Older posts from Jim's Blog 2009 are stored here for reference. See the Current Blog for more recent posts and to keep in touch with what's new on the music scene and on mfiles. You can also follow us on Twitter at Jimatmfiles to get notified immediately.
To tie in with our review of the book Scott Joplin and the Age of Ragtime by Ray Argyle, here is the overture for Joplin's opera Treemonisha in its original unorchestrated version for solo piano. The pianist in this video is Marco Fumo, and the music does indeed show a merging of ragtime with classical traditions.
A piece of mfiles classical music now accompanies a Dancing Gingerbread Cookie on this YouTube video. The video has been created by Sugarveil to promote their flexible icing, and the music is appropriately the Sugar Plum Fairy from Tchaikovsky's Nutcracker, a Christmas Ballet. Merry Christmas to all our users!
Geoffrey Gurrumul is a blind Australian singer with a unique voice. Though shy when it comes to interviews, he has been on tour across Europe and has an album on release. He appeared on French television programme Taratata where he sang a duet of "Every Breath You Take" with Sting as well as one of his own songs. You can see the programme at www.MyTaratata.com and the singer's own website at www.gurrumul.com has details about his music and tour dates.
Mark Isham has been especially generous to fans this Christmas. Following on from his preview of "The Bad Lieutenant" he has released a suite from his much-requested score for "Invincible". Both suites can be downloaded from the Mark Isham page and they are both about 20Mb.
A little bit late in the month, but here is an attractive musical Advent Calendar by composer Peter Buffett.
Bruce Broughton has been on our "to do" list of composers for a long time, so when Sean Wilson offered Young Sherlock Holmes as his 2nd review for mfiles, this was a perfect opportunity to ask him to provide a biog page for Bruce Broughton at the same time.
Ian Wallace (1919-2009) was an Opera singer who transitioned into popular entertainment. He helped to popularise Classical Music, and (with Dennis Norden and Frank Muir) was one of the resident paritipants in BBC Radio's "My Music". However he is best known for singing the humorous songs of Flanders and Swann particularly "The Hippopotamus Song" which had the chorus "Mud, Mud, Glorious Mud". Here is a musical Tribute to Ian Wallace on YouTube.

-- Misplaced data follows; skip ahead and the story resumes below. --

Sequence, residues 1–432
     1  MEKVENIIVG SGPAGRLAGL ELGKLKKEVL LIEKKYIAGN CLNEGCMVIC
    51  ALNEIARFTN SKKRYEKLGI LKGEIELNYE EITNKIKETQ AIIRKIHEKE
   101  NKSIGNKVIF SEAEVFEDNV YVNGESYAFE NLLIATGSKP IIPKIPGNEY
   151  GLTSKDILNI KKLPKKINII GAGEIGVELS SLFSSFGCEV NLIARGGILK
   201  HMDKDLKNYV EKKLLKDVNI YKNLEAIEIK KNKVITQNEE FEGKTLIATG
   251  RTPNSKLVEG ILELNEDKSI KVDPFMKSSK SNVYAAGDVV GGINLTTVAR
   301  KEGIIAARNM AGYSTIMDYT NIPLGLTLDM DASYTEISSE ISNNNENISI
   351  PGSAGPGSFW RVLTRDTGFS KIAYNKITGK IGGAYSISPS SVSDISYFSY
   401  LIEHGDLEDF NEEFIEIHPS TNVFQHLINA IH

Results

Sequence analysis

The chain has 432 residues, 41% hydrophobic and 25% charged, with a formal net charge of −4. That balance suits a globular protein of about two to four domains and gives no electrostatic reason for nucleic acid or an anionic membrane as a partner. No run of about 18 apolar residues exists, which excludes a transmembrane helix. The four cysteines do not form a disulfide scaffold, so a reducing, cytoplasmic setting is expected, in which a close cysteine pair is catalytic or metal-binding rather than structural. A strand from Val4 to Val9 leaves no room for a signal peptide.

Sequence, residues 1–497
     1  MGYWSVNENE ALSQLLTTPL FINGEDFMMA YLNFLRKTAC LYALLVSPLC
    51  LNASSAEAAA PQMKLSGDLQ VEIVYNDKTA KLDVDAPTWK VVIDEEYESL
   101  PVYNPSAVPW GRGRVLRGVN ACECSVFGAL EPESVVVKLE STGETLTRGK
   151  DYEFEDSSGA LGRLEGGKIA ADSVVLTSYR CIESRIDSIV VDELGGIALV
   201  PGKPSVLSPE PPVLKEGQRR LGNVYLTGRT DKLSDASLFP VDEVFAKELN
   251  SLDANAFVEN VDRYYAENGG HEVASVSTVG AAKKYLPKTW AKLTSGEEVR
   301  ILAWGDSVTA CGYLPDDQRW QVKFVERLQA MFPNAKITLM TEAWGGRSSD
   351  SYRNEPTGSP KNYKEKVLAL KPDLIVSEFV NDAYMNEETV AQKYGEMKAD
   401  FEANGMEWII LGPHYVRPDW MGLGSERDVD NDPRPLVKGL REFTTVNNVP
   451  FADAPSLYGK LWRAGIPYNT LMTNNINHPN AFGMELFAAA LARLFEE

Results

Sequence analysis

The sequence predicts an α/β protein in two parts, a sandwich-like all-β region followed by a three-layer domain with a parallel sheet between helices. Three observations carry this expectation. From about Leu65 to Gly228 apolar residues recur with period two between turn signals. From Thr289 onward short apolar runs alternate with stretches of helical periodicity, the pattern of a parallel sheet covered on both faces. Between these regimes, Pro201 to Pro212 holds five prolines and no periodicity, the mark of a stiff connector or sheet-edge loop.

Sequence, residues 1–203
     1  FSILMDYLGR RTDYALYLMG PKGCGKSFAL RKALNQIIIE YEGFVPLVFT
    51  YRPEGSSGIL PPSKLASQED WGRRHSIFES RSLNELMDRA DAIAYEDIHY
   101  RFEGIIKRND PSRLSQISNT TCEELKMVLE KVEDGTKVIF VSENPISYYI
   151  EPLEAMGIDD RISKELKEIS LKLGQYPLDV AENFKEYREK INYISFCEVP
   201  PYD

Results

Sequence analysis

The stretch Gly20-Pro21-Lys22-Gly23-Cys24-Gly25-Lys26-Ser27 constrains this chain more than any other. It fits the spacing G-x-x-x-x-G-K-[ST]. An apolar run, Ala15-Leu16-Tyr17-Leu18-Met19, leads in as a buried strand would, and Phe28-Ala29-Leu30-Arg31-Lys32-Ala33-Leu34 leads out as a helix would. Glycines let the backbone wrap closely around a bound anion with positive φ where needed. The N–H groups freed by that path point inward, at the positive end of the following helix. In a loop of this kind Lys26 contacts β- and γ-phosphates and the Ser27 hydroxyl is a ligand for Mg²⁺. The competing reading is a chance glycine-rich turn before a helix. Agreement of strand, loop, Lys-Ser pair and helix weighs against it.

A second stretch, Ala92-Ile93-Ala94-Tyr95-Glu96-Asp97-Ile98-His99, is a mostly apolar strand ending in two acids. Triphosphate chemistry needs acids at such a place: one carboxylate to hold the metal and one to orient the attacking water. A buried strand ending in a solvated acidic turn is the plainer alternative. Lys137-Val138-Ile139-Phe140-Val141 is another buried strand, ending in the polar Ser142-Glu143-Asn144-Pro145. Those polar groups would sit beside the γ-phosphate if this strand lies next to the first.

It's good to welcome back Glenn Jarrett. In a series of Christmas Carol arrangements for Guitar, Glenn has this year created this superb arrangement of The Wexford Carol. The Carol dates from Ireland in the 12th Century.
To encourage commuters to take the stairs instead of the escalator, Volkswagen replaced the existing staircase with a musical keyboard which played the notes when someone stood on them. As a result the stairs became very popular and 66% more people took the stairs - see the video. Unfortunately the musical stairs were only in place for a short time this year, and have now been dismantled.
For the second time Marc Shaiman will be Musical Director at the Oscars Ceremony. A great tunesmith (e.g. the Broadway musical "Hairspray") with a knack for writing musical pastiche (e.g. "City Slickers" and "South Park"), the composer himself has received oscar nominations for his film music but has not yet won the award.
An interesting documentary about John Williams' film music has appeared on youtube. The audio is poor at the very start but improves after this, so stick with it. The programme was made during the making of "The Empire Strikes Back" and includes clips from several films with comments from Lucas and Spielberg. The documentary is in 6 parts - start here with part 1 of Star Wars Music by John Williams and follow the links to related videos to see the other parts.
This fun video shows that a cockatoo has a sense of rhythm, matching the beat when the tempo changes. Researchers who examined such videos on youtube speculate that the sense of rhythm is linked to parts of the brain used to process and imiate sounds - a talent which many birds have.
Werner Herzog's movie "Bad Lieutenant: Port of Call New Orleans" (starring Nicholas Cage, Val Kilmer and Eva Mendes) is due to be released on 20th November in US theatres. As a preview for the film score, composer Mark Isham has put together this 8-minute suite. It sounds really distinctive.